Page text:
Elephantiasis is a disease that is characterized by the thickening of the skin and underlying tissues, especially in the legs and male genitals. In some cases the disease can cause certain body parts, such as the scrotum, to swell to the size of a softball or basketball. "Elephantitis" is a common mis-hearing of the term, from confusing the ending -iasis (process or resulting condition) with the more commonly heard -itis (irritation or inflammation), resulting in "Elephantitis" meaning "inflammation of the elephant". The proper medical term for the disease is elephantiasis, and it is caused by filariasis or podoconiosis.
Someone who is infected with elephantiasis disease usually occurs in childhood, where in a long time (many years) began to be felt development.
The acute symptoms that may occur include:
- Fever over and over for 3-5 days, fever may be lost when the break and came back after working hard.
- Swollen lymph nodes (without any injury), groin area, armpits (lymphadenitis), which looks red, hot and painful
- Inflammation of lymph channels that feels hot and pain radiating from the base of the foot or base of the arm towards the end (retrograde lymphangitis)
- filarial abscess due to often suffer from swollen lymph nodes, it can burst and release pus and blood
- Enlargement of the legs, arms, breasts, testicles that look a little flushed and feels hot (early lymphodema)
While the chronic symptoms of the disease elephantiasis, which formed as a permanent enlargement (elephantiasis) in the legs, arms, breasts, testicles (elephantiasis skroti).
Elephantiasis occurs in the presence of microscopic, thread-like parasitic worms such as Wuchereria bancrofti, Brugia malayi, and B. timori, all of which are transmitted by mosquitoes. However, the disease itself is a result of a complex interplay between several factors: the worm, the symbiotic Wolbachia bacteria within the worm, the host’s immune response, and the numerous opportunistic infections and disorders that arise. Consequently, it is common in tropical regions and Africa. The adult worms only live in the human lymphatic system. Obstruction of the lymphatic vessels leads to swelling in the lower torso, typically in the legs and genitals. It is not definitively known if this swelling is caused by the parasite itself, or by the immune system's response to the parasite.
Alternatively, elephantiasis may occur in the absence of parasitic infection. This nonparasitic form of elephantiasis is known as "nonfilarial elephantiasis" or "podoconiosis", and areas of high prevalence have been documented in Uganda, Tanzania, Kenya, Rwanda, Burundi, Sudan, Egypt and Ethiopia. The worst affected area is Ethiopia, where up to 6% of the population is affected in endemic areas. Nonfilarial elephantiasis is thought to be caused by persistent contact with irritant soils: in particular, red clays rich in alkali metals such as sodium and potassium and associated with volcanic activity.
According to medical experts the worldwide efforts to eliminate lymphatic filariasis is on track to potentially be successful by 2020. An estimated 6.6 million children have been prevented from being infected, with another estimated 9.5 million in whom the progress of the disease has been stopped.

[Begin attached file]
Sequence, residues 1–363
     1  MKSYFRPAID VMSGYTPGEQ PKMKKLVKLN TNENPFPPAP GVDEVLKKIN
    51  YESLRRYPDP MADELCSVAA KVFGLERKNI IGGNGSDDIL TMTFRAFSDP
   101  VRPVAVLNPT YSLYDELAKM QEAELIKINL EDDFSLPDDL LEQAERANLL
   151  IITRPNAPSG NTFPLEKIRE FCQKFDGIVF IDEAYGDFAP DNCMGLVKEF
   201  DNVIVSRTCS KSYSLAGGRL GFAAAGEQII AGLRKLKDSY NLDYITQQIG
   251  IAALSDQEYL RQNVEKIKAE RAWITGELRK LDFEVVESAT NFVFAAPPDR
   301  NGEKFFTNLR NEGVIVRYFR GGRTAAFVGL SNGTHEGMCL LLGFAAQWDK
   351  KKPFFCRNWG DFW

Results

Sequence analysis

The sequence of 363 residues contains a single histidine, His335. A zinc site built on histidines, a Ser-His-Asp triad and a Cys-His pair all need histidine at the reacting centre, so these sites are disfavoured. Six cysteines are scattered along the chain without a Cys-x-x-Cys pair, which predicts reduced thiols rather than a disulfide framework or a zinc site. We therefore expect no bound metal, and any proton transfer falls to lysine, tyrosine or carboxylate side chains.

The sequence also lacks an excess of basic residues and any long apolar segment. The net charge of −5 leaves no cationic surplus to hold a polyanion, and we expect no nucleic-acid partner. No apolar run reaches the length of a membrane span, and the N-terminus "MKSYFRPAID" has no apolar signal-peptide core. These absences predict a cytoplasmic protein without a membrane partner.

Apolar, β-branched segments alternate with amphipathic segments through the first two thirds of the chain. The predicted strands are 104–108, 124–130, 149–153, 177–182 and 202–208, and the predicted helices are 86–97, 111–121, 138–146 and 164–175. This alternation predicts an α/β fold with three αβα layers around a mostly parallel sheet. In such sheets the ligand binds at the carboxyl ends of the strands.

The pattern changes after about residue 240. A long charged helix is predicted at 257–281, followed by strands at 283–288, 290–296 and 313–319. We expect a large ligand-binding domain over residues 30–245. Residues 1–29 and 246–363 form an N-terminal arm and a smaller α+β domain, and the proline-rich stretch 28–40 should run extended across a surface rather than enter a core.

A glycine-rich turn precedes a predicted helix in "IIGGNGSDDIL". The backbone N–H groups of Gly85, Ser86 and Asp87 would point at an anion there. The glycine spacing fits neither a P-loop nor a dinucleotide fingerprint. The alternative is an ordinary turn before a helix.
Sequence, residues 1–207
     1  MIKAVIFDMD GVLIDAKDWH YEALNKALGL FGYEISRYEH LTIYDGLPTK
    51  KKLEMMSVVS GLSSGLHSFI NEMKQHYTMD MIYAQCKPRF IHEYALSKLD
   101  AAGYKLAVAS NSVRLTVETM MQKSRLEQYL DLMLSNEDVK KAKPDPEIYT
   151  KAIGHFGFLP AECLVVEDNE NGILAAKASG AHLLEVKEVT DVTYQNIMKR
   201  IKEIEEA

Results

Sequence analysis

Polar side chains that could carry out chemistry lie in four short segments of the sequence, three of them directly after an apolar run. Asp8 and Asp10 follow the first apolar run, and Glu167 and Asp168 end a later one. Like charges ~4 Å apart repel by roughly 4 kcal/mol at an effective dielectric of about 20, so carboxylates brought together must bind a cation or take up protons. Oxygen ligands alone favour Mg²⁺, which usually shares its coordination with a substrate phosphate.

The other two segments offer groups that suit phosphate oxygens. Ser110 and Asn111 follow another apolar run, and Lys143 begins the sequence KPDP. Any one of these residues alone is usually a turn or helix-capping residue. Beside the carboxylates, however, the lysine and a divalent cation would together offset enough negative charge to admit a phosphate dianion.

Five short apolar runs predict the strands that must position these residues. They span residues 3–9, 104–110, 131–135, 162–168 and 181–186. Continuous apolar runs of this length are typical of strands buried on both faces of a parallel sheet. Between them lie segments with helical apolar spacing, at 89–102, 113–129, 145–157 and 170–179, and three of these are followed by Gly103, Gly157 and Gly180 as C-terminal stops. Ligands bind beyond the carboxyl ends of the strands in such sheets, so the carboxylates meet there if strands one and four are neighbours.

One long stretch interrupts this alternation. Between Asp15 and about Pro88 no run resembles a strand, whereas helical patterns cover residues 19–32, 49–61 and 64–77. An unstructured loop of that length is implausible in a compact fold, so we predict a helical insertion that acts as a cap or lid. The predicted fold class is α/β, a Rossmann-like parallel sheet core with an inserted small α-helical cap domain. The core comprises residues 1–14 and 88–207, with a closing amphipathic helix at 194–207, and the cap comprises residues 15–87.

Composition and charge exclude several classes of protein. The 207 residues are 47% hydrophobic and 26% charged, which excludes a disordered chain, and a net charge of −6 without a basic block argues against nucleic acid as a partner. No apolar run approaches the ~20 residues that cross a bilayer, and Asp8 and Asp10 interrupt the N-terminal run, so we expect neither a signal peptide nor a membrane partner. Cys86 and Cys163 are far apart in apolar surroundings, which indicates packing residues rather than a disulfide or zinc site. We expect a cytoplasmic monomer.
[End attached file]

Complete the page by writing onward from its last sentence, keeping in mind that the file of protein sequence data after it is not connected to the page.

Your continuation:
For podoconiosis, international awareness of the disease will have to rise before elimination is possible. Podoconiosis does not yet appear on the Neglected Tropical Disease lists, and is not part of the work of organizations such as the World Health Organization.
Treatments for lymphatic filariasis differ depending on the geographic location of the endemic area. In sub-Saharan Africa, albendazole is being used with ivermectin to treat the disease, whereas elsewhere in the world, albendazole is used with diethylcarbamazine. Geo-targeting treatments is part of a larger strategy to eventually eliminate lymphatic filariasis by 2020.
Another form of effective treatment involves rigorous cleaning of the affected areas of the body. Several studies have shown that these daily cleaning routines can be an effective way to limit the symptoms of lymphatic filariasis. The efficacy of these treatments suggests that many of the symptoms of elephantiasis are not directly a result of the lymphatic filariasis but rather the effect of secondary skin infections.
In addition, surgical treatment may be helpful for issues related to scrotal elephantiasis and hydrocele. However, surgery is generally ineffective at correcting elephantiasis of the limbs.
A vaccine is not yet available but is likely to be developed in the near future.
Treatment for podoconiosis consists of consistent shoe-wearing (to avoid contact with the irritant soil) and hygiene - daily soaking in water with an antiseptic (such as bleach) added, washing the feet and legs with soap and water, application of ointment, and in some cases, wearing elastic bandages. Antibiotics are used in cases of infection.
In 2003 it was suggested that the common antibiotic doxycycline might be effective in treating lymphatic filariasis. The parasites responsible for elephantiasis have a population of symbiotic bacteria, Wolbachia, that live inside the worm. When the symbiotic bacteria are killed by the antibiotic, the worms themselves also die.